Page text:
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Andrew Gallup First to Show That Yawning is Contagious in Birds

Have you ever caught yourself yawning right after seeing someone else yawn? The same thing happens to budgies, says Andrew Gallup, assistant professor of psychology at SUNY Oneonta. His research team is the first to show that contagious yawning occurs between members of a bird species. The results are published in the May 2015 peer-reviewed journal Animal Cognition.

Contagious yawning was previously thought only to occur between humans, domestic dogs, chimpanzees and a type of rodent called the high-yawning Sprague-Dawley rat.

“To date, this is the first experimental evidence of contagious yawning in a non-mammalian species,” says Gallup, who worked with current SUNY Oneonta psychology students Janine Militello and Lexington Swartwood and 2014 graduate Serena Sackett on the research.

The findings that contagious yawning occurs between budgerigars (Melopsittacus undulatus), also known as parakeets, in a controlled laboratory setting corroborate a previous observation of the same thing happening in a flock of these social parrots. Budgies are of Australian origin and are often kept in cages as pets. In the wild, these birds form lasting bonds within breeding pairs and interact within coordinated flocks throughout the year. In a laboratory setting, budgies are known to automatically imitate video stimuli shown to them.

Gallup’s team conducted two experiments. In the first, 16 birds were paired in adjacent cages with and without barriers blocking their view. If contagious, yawns should be clustered in time only when the birds could see one another. In the second experiment, the same birds were shown separate video clips of a budgie yawning and not yawning.

Yawning was found to occur three times as often within a five-minute window when the birds could see one another than when their view was blocked from the other bird. When they were viewing video clips of another budgie yawning, yawns occurred twice as often. This response was not the result of stress or anxiety.

The researchers believe that contagious yawning is more than just an involuntary action, but, rather, a primitive form of showing empathy. Birds are known to have certain emphatic responses, and Gallup proposes that since contagious yawns can be experimentally manipulated, budgies could be used to explore questions related to basic forms of empathic processing.

Upcoming Events

Monday, December 5, 2016

Psychology Club 12/5/2016

4:00 PM to 5:00 PM - Fitzelle Hall FITZ 304 SMART CLASSROOM Psychology Club meetings

Monday, December 5, 2016

Sigma Tau Delta Meetings 12/5/2016

4:00 PM to 5:00 PM - Fitzelle Hall FITZ 107 SMART CLASSROOM

Monday, December 5, 2016

College Senate 12/5/2016

3:00 PM to 5:00 PM - Morris Conference Center Craven Lounge

Monday, December 5, 2016

Biology Club 12/5/2016

3:00 PM to 4:00 PM - Science Building 1 SCI1 9 SMART CLASSROOM

Monday, December 5, 2016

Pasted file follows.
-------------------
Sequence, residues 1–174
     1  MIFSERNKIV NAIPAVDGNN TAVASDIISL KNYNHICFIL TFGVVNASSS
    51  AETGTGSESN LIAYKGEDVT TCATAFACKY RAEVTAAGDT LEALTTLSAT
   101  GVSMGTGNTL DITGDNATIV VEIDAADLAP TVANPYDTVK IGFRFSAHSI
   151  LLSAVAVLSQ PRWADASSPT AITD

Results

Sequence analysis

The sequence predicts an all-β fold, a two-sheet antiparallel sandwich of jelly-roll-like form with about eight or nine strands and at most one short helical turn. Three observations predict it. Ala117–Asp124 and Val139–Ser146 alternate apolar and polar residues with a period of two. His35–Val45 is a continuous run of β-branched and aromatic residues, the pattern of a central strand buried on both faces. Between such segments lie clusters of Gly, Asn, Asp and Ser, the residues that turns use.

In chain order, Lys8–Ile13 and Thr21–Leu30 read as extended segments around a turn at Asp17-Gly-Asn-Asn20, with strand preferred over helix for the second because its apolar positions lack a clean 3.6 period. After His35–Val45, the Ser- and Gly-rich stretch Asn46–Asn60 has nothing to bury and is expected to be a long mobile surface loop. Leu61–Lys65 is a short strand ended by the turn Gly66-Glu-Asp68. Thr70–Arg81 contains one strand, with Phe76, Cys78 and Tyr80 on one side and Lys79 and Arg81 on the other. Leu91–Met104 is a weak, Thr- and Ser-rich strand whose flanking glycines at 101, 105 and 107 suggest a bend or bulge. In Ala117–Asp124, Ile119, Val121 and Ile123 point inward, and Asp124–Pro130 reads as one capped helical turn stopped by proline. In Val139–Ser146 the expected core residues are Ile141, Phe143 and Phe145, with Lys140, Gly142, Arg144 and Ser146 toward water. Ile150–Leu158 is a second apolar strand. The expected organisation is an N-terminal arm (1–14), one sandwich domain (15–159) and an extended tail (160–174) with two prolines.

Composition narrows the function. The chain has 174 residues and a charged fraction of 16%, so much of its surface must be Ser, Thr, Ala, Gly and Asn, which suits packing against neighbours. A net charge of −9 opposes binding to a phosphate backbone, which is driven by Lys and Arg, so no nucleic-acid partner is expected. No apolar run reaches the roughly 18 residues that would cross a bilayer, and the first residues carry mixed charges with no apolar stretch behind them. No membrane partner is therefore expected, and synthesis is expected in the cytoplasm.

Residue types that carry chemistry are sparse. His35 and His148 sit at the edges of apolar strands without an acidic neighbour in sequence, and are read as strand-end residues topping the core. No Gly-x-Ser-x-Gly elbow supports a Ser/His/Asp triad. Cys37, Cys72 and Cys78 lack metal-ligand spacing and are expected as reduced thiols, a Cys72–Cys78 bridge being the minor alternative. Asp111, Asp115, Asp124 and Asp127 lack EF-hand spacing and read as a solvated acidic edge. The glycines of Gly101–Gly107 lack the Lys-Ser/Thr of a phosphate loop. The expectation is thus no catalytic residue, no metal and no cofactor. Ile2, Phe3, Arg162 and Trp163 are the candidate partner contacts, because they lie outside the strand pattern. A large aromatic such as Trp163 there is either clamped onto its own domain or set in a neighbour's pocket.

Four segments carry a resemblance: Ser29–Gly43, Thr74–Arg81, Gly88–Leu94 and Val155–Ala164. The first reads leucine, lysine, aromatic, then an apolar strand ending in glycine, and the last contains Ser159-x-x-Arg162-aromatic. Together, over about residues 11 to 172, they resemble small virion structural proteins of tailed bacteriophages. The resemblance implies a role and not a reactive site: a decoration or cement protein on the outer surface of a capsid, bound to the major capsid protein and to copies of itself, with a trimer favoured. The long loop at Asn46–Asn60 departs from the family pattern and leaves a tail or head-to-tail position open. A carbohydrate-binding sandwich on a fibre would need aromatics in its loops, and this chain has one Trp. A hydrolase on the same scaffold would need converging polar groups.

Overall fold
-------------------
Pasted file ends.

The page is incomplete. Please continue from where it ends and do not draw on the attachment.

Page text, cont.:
Sanford Society 12/5/2016

3:00 PM to 4:00 PM - Fitzelle Hall FITZ 246 SMART CLASSROOM

Monday, December 5, 2016

Review Sessions 12/5/2016

11:45 AM to 5:00 PM - Center for Multicultural Experiences/Lee Hall Multipurpose Room - 101

Monday, December 5, 2016

Giving tree 12/5/2016

11:00 AM to 1:00 PM - Hunt Union The Waterfront

Monday, December 5, 2016

Habitat for Humanity Bake Sale 12/5/2016

11:00 AM to 3:00 PM - Fitzelle Hall Fitzelle Lobby Near Seasons Bake sale to raise money for Habitat for Humanity

Monday, December 5, 2016

Sue Coe: Porkopolis-Animals and Industry 12/5/2016

11:00 AM to 5:00 PM - Fine Arts Gallery - Martin-Mullen Art Gallery

Monday, December 5, 2016

Student Exhibition - Sarah Tucker & Noah Barton: EXPRESSING HER/HIMSELF 12/5/2016

11:00 AM to 5:00 PM - Fine Arts Gallery - Project Space Art Gallery

Andrew Gallup First to Show That Yawning is Contagious in Birds

Latest Stories

Have you ever caught yourself yawning right after seeing someone else yawn? The same thing happens to budgies, says Andrew Gallup, assistant professor of psychology at SUNY Oneonta. His research team is the first to show that contagious yawning occurs between members of a bird species. The results are published in the May 2015 peer-reviewed journal Animal Cognition.

Contagious yawning was previously thought only to occur between humans, domestic dogs, chimpanzees and a type of rodent called the high-yawning Sprague-Dawley rat.

“To date, this is the first experimental evidence of contagious yawning in a non-mammalian species,” says Gallup, who worked with current SUNY Oneonta psychology students Janine Militello and Lexington Swartwood and 2014 graduate Serena Sackett on the research.

The findings that contagious yawning occurs between budgerigars (Melopsittacus undulatus), also known as parakeets, in a controlled laboratory setting corroborate a previous observation of the same thing happening in a flock of these social parrots. Budgies are of Australian origin and are often kept in cages as pets. In the wild, these birds form lasting bonds within breeding pairs and interact within coordinated flocks throughout the year. In a laboratory setting, budgies are known to automatically imitate video stimuli shown to them.

Gallup’s team conducted two experiments. In the first, 16 birds were paired in adjacent cages with and without barriers blocking their view. If contagious, yawns should be clustered in time only when the birds could see one another. In the second experiment, the same birds were shown separate video clips of a budgie yawning and not yawning.